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The first version of the Lalande was a basic telegraphic cell, porous pot and all, intended for use by professionals. Although it was somewhat familiar-looking because of its container, the telegraph industry turned up its collective nose at the new battery. Polarization wasn’t a problem for professional battery men accustomed to dealing with it through long-established routines. The professionals’ problem with the Lalande battery was that it produced slightly less juice than acid-based batteries already in use.
Not discouraged, Lalande redesigned the package, substituting a sealed porcelain container for the standard porous pot. The new design didn’t do anything to boost the power output, but it did produce a battery that could be used in the home. For a brief time it even enjoyed a limited run powering electric lights.
Despite his unwavering belief that central stations were the way to go when it came to electric lighting, Edison also maintained high hopes for the battery as a power source for consumer products. The newly designed Lalande battery seemed a reasonable solution for those potential customers without electricity in their home, that is to say, the vast majority of the population. They were easy to use and maintain, and eventually Edison marketed the Edison-Lalande for a variety of devices, including phonographs. A little under eight inches high and four inches in diameter, the batteries were not only durable, but also powerful enough to put out in the field unattended for extended periods, making them ideal for applications such as powering train signals.
IN 1899 EDISON UNDERTOOK WHAT would turn out to be his last great project. As automobiles began to catch on, he sought to make a battery-powered car. Automobiles had captured the public’s imagination. As Edison correctly judged, they were about to become the next big thing. This would require a long-lasting, lightweight battery capable of recharging.
At the time, the dominance of the gasoline-powered car was far from a certainty, and Edison truly believed the internal combustion engine was nothing more than a bridge technology that would eventually lead to an electric car. In fact, he may have been right, but he badly misjudged just how long that bridge would endure and the difficulty in creating a durable, lightweight battery.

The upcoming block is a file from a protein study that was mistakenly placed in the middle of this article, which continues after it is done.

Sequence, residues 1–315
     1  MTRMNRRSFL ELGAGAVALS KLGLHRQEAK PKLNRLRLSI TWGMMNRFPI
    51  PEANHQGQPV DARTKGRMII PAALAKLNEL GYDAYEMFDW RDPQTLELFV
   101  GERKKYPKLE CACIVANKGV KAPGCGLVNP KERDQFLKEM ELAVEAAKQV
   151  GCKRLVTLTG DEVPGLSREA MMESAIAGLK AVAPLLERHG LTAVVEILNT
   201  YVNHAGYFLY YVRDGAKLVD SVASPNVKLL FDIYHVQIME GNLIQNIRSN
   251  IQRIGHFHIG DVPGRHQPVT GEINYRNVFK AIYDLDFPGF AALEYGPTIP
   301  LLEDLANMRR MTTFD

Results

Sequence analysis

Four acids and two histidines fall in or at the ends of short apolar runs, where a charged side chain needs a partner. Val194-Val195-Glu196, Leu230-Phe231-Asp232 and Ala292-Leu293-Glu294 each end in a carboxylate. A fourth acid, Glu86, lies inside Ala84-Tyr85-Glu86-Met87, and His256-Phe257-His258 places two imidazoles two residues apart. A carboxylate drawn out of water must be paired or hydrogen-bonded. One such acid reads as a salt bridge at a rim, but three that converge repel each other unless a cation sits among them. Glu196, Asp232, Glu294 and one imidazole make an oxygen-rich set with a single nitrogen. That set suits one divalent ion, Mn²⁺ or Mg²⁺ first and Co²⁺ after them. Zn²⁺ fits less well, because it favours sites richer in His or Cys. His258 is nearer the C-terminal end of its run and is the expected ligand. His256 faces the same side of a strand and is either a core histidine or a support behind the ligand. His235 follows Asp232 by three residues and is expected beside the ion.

Electric cars were nothing new. They had been in use for years. The problem was in the weight of the batteries required to power the car. The Electrobat, for instance, introduced in 1894, weighed more than 4,000 pounds, a whopping 38 percent of which was made up of batteries—though it could go between 50 and 100 miles on a single charge.
To create a lightweight, sturdy, and easily charged power source would take Edison more than a decade of research and thousands of tests. In keeping with his proven methodology, he dispatched teams of assistants to read and paraphrase virtually everything published on primary batteries, both in the United States and Europe, including patents and technical journals going back decades. Still, Edison’s own development process took thousands of experiments with hundreds of different compounds until he finally hit on a viable alkaline battery.
When chided for the many battery experiments in which he failed, he is reputed to have answered, “No, I didn’t fail. I discovered 24,999 ways that the storage battery does not work.”
At one point, Edison, who was never shy about promoting his products prematurely, announced in an interview,
These batteries will run for 100 miles or more without recharging. They can be charged in a few hours. They require no attention for all that is needed to replenish the liquor [sic] is to pour in a little water now and then to take the place of that which has evaporated. I do not know how long it would take to wear out one of the batteries, for we have not yet been able to exhaust the possibilities of one of them. But I feel sure one will last longer than four or five automobiles.
That particular battery failed initial testing. Another battery passed the preliminary tests and was soon rushed into production.
Following a blueprint of his past successes, Edison arranged for the batteries to be used in vehicles for a number of high-profile companies, including Montgomery Ward, the Central Brewing Co., and Tiffany & Company. Unfortunately, the battery had a flaw that sent Edison and his team back to the drawing board again.
In the end, the alkaline storage battery Edison finally perfected had virtually no chance of gaining popularity among consumers no matter how reliable it may have been. Ford’s Model T, introduced in 1909 along with its reliable internal combustion engine, had become the standard for consumer autos. Henry Ford, who had once worked for the Edison Illuminating Company’s generating stations, had beat Edison at his own game. He had even come up with the pithy quote, “The customer can have any color he wants so long as it’s black,” he was reported to have said about the Model T.
Not about to let those years of research go to waste, Edison set about finding new uses for his alkaline battery, designing a wide array of devices it could power, from railroad signals and switches to ship lighting and miner’s lights. Eventually, it became one of the most profitable divisions of Edison’s empire.
However, the long years spent in battery development may have also distracted the Wizard of Menlo Park from other inventions coming on line at the time. He rejected radio, calling it a “craze” and took special pains to explain that “…there are several laws of nature which cannot be overcome when attempts are made to make the radio a musical instrument.” For years he resisted building a phonograph with a radio integrated into the unit, seeing the two technologies in competition for consumers’ attention, even as his distributors and customers demanded just such a product.